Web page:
Martin Landau, the versatile actor who was best known for his roles in the Mission: Impossible television series and Ed Wood has passed away. He was 89 years old.
Landau, who made his breakthrough as gay henchman in Alfred Hitchcock’s North by Northwest, died on Saturday (July 15) after “unexpected complications.” He was receiving treatment at the Ronald Reagan UCLA Medical Center, a source told The Hollywood Reporter.
The news of his death was first reported by TMZ. Landau is survived by his daughters Susie, and Juliet, sons-in-law Roy and Deverill, his sister Elinor, a granddaughter and a godson.
Martin Landau’s early beginnings in Hollywood
Landau was born on June 20, 1928 in Brooklyn, New York. When he was 17, he worked as a cartoonist for the New York Daily News. After five years at the publication, he decided to chase his dreams to become an actor.
Of his decision, he told The Jewish Journal in 2013, “To become an actor was a dream I must’ve had so deeply and so strongly because I left a lucrative, well-paying job that I could do well to become an unemployed actor. It’s crazy if you think about it. To this day, I can still hear my mother’s voice saying, ‘You did what?!’”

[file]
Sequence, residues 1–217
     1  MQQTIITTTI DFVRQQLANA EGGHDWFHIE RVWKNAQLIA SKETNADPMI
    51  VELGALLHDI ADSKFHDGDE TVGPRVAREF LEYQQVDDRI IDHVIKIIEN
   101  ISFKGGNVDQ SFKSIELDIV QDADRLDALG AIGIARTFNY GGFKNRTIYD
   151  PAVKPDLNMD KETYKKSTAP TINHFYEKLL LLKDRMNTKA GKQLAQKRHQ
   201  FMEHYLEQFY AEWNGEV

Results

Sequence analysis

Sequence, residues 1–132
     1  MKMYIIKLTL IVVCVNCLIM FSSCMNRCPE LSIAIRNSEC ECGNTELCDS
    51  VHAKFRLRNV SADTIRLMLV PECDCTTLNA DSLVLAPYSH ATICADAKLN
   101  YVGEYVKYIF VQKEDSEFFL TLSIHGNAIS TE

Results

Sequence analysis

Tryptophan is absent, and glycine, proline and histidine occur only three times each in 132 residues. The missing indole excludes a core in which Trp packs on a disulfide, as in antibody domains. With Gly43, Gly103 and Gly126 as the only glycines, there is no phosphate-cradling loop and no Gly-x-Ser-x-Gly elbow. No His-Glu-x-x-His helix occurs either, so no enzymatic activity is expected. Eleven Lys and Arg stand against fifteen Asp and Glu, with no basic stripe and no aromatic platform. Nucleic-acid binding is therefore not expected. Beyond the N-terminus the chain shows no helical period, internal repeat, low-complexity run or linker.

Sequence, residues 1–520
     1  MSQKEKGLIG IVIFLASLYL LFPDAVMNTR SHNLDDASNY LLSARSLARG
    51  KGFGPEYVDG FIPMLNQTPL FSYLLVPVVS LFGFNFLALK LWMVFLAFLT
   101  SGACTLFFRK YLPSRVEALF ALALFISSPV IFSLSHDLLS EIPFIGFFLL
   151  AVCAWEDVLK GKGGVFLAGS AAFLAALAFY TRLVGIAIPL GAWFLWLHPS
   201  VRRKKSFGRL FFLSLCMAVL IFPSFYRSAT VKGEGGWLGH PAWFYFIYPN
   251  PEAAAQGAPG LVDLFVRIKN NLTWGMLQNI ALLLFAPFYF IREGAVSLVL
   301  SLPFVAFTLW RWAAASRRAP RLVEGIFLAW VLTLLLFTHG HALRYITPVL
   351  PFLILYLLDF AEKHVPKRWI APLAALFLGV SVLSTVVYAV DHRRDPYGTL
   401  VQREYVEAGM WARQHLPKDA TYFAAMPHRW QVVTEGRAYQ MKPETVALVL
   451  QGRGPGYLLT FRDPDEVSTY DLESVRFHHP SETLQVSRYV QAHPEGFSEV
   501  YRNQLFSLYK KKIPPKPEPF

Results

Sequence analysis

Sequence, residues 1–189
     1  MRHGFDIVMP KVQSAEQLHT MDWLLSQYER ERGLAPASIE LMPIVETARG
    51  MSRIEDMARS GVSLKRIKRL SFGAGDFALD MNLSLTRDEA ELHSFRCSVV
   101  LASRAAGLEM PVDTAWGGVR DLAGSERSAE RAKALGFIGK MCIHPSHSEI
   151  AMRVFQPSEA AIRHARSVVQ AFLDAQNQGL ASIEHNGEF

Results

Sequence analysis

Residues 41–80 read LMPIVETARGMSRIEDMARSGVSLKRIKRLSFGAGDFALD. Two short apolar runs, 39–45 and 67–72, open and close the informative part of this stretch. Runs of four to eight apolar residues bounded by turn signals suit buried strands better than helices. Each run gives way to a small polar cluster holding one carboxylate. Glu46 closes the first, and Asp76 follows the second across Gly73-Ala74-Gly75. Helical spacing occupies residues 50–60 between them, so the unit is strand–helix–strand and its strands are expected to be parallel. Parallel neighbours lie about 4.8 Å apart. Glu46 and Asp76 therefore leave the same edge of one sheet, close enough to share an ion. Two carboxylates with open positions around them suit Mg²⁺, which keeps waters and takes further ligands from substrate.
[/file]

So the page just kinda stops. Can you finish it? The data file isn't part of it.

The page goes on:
He auditioned at the Actors Studio in 1955 and was chosen alongside actor Steve McQueen. He went on to find success on stage in plays such as Goat Song and First Love. Impressed by his performance in a production of Middle of the Night, director Alfred Hitchcock cast him in North by Northwest.
Landau then began appearing in iconic movies such as 1963’s Cleopatra, 1965’s The Greatest Story Ever Told and The Hallelujah Trail, and 1966’s Nevada Smith.
Martin Landau turned down Star Trek!
After his Emmy nominated role in Mission: Impossible, Landau was approached for to play Spock in the popular syfy series Star Trek. However, the actor didn’t accept the role. Late actor Leonard Nimoy brought the character to life in the series.
In 2011, he appeared in the PBS documentary Pioneers of Television where he said, “I turned down Star Trek. It would’ve been torturous. I would’ve probably died playing that role. I mean, even the thought of it now upsets me. It was the antithesis of why I became an actor.”
He explained that the role of Spock was too monotone for his taste. “...A guy who speaks in a monotone who never gets excited, never has any guilt, never has any fear or was affected on a visceral level. Who wants to do that?” said Landau.